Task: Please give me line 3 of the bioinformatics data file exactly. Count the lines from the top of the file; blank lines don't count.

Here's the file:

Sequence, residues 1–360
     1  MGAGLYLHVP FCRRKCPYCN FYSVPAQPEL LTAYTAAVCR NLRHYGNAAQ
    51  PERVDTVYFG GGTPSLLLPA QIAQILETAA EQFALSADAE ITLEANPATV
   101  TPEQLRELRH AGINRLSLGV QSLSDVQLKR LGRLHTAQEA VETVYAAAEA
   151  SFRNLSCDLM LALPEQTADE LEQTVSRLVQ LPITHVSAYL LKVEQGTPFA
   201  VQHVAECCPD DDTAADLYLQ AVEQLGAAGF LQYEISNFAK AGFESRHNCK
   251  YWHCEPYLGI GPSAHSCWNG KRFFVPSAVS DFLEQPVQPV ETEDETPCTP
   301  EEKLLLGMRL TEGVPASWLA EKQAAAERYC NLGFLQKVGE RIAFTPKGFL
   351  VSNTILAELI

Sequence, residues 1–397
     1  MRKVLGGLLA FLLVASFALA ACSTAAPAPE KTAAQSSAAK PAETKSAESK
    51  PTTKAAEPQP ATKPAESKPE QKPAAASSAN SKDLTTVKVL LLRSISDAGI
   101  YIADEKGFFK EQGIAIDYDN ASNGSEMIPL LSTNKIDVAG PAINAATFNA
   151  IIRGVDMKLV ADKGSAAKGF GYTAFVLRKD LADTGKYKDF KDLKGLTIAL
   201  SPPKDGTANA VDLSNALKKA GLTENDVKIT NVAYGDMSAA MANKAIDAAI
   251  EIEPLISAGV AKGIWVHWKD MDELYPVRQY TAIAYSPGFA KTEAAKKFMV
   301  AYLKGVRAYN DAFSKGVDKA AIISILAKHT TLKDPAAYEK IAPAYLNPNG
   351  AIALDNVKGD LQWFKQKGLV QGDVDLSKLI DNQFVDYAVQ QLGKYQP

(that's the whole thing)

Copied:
    51  PERVDTVYFG GGTPSLLLPA QIAQILETAA EQFALSADAE ITLEANPATV